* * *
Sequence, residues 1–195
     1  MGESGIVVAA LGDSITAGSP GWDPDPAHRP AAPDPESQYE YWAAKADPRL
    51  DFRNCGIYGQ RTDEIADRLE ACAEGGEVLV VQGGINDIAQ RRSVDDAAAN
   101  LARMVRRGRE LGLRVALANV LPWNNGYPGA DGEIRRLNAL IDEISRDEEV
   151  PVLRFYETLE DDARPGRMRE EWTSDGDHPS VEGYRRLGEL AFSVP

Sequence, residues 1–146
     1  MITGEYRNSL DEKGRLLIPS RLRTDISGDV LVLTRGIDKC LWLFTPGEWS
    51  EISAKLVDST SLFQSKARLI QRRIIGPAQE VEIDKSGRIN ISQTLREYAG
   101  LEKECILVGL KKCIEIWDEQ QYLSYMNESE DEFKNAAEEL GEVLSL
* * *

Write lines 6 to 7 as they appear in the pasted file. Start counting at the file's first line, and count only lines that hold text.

Sequence, residues 1–146
     1  MITGEYRNSL DEKGRLLIPS RLRTDISGDV LVLTRGIDKC LWLFTPGEWS